For companies in industries hard-hit by COVID-19 like auto sales, maintaining client relationships and boosting morale are key to future success. 

As other companies scrambled to implement work from home policies, fully remote companies appeared one step ahead of the game. But even for work-from-home veterans, the transition has not been completely seamless. The COVID-19 pandemic continues to disrupt every part of our daily lives, not just the working day. With kids home from school and the US economy slowing down, “working from home” is beginning to feel like unfamiliar territory.  

AutoSalesVelocity, an inventory management software company for the automotive industry, has been fully remote for several years. But as COVID-19 spread across the globe, juggling work, family life, and the stress of a global health and economic crisis presents a challenge unlike any other. We spoke to Sean Benderly, Columbia University alumnus and AutoSalesVelocity co-founder, about maintaining client relationships and cultivating a supportive company culture during a pandemic.  

Serving the Automotive Industry — When No One Is Buying Cars

Since its founding 15 years ago, AutoSalesVelocity’s unique business concept has helped drive the company to new heights of success. “We collect customer demand data for new vehicles, and we use that to help automotive dealerships figure out what options and colors they should keep in stock in any given market,” Benderly explains. The innovative company is the brainchild of David Smith, an industry veteran with 30 years’ experience at Ford Motor Company, and three co-founders with varied consulting and programming experience. 

Although the company has carved out a niche space in the automotive industry, ASV is feeling the impact of COVID-19 on automotive sales. According to BCG’s Center for Macroeconomics, new auto sales are likely to decline by 20 to 40 percent in 2020. “Our standard business is essentially nonexistent at this point,” Benderly says. “Car dealerships are shut down or working virtually.” 

Without their usual client work, the ASV team has been looking internally, updating its algorithm and streamlining operations. “We’re lucky in that we were already at the beginning of a new algorithm project before any of this hit, so we’ve just repurposed anyone who wasn’t originally working on that to help out, as well,” Benderly says.

In addition to focusing on internal work, ASV has been proactive in finding ways to maintain client relationships. “We managed to weather the 2008 financial crisis, but we almost went under — I think because we were very passive in how we dealt with the situation,” Benderly explains. “This time, we reached out to all of our clients immediately with a reduction in fees, waiving our monthly minimum. That way, they know they won’t have to fire us, and we can just pick back up when this passes.”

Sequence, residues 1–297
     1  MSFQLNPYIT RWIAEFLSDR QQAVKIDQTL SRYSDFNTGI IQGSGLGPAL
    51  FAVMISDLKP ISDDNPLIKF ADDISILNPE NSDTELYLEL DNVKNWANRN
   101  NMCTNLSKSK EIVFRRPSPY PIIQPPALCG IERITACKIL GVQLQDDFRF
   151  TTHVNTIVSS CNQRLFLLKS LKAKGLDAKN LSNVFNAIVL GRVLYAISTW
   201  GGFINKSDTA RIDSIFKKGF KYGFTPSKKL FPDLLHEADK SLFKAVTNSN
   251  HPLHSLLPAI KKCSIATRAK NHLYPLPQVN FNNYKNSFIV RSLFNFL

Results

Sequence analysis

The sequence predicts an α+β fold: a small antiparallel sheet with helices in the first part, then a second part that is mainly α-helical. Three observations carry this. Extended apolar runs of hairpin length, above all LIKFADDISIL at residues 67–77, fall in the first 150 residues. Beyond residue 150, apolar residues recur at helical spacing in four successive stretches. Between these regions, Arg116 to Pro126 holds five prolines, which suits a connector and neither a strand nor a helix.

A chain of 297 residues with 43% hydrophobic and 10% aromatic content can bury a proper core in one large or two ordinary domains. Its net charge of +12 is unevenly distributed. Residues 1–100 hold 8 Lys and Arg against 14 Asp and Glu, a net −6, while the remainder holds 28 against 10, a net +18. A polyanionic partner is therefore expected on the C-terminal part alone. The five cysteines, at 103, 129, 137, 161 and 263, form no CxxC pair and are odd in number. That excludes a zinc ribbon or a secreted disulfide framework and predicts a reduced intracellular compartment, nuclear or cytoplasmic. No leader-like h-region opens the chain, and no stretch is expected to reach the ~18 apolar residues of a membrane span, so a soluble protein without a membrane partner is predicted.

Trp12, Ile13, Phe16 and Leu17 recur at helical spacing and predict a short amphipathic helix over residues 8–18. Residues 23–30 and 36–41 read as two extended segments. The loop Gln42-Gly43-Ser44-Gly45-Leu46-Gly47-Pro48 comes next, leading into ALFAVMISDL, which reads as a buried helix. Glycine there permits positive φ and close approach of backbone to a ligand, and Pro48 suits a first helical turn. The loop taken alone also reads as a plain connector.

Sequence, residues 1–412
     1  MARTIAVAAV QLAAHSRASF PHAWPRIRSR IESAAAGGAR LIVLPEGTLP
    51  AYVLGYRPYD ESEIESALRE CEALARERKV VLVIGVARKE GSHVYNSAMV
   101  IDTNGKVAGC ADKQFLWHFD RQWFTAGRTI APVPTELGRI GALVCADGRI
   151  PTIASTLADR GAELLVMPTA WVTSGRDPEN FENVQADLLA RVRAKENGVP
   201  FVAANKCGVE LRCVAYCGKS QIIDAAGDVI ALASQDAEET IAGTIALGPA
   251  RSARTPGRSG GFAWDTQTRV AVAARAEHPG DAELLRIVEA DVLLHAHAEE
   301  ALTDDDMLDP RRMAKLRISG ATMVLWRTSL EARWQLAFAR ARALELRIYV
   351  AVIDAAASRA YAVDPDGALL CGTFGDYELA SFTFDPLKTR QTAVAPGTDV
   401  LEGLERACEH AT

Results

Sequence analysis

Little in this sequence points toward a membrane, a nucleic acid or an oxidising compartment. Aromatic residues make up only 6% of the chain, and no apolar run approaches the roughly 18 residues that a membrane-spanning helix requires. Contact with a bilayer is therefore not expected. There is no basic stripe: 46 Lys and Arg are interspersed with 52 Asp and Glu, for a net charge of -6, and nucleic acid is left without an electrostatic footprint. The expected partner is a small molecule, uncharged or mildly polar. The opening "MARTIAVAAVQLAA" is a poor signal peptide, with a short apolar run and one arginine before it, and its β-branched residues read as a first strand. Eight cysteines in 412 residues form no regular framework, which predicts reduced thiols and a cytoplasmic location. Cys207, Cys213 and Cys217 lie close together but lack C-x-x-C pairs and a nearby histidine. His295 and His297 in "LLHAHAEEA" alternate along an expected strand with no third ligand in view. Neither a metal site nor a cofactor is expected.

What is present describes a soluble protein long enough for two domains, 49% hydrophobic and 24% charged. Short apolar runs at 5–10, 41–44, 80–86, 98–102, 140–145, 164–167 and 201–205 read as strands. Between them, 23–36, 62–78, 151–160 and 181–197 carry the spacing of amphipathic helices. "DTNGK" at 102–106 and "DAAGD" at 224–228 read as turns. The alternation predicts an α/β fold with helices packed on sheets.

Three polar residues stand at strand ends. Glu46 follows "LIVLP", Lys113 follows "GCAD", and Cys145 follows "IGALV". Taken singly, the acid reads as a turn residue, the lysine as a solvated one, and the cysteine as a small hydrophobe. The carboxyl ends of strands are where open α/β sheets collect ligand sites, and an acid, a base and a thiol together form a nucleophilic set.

Supporting Colleagues and Their Families Through a Crisis

It’s not just clients who need extra flexibility and understanding in the ongoing crisis — ASV employees do, too. Though the Denver-based company has worked remotely for years, relying on tools like Zoom, Trello, Slack, and Airtable to keep in constant contact, the pandemic has uncovered a whole new set of needs and challenges. 

“Almost everyone at our company has kids, and juggling work and family life has been a huge adjustment,” Benderly says. “We used to have set schedules in terms of everyone working remotely but for the same hours. Now it’s much more spread out because people are having to homeschool their kids.” 

As parents now balancing childcare with work, Benderly and his wife — an ASV co-founder — have been squeezing in work hours at night after their children have gone to bed. “I’m just getting by right now, work-wise,” Benderly says. “I’m trying to keep perspective; I’m healthy, I’m in my own house, I have a yard, I’m spending time with my kids. But this is hard, and if my job suffers a little right now because of it, that’s not the end of the world.” 

Benderly is also trying to extend the same understanding to the rest of his team. “We’re focusing on ensuring everyone on our team knows that they are valuable, and that we need them,” he says. “Our goal is to avoid layoffs at all costs, and we’re making sure everyone knows that.” 

Author Oliver Cox

Having originally joined the company as a writer in 2013, Oliver works with L&T's clients and prospects to build and manage their storytelling strategies. Oliver is a graduate of the University of Liverpool and is a prolific musician and author.

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